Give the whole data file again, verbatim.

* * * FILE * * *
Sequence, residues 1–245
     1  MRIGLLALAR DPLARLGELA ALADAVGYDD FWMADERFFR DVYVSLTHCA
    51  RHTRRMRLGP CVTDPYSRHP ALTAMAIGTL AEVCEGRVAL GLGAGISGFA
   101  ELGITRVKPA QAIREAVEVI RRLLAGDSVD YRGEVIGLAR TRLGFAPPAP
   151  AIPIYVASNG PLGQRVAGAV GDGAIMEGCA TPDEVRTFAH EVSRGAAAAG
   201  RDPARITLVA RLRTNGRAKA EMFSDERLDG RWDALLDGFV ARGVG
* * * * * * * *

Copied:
Sequence, residues 1–245
     1  MRIGLLALAR DPLARLGELA ALADAVGYDD FWMADERFFR DVYVSLTHCA
    51  RHTRRMRLGP CVTDPYSRHP ALTAMAIGTL AEVCEGRVAL GLGAGISGFA
   101  ELGITRVKPA QAIREAVEVI RRLLAGDSVD YRGEVIGLAR TRLGFAPPAP
   151  AIPIYVASNG PLGQRVAGAV GDGAIMEGCA TPDEVRTFAH EVSRGAAAAG
   201  RDPARITLVA RLRTNGRAKA EMFSDERLDG RWDALLDGFV ARGVG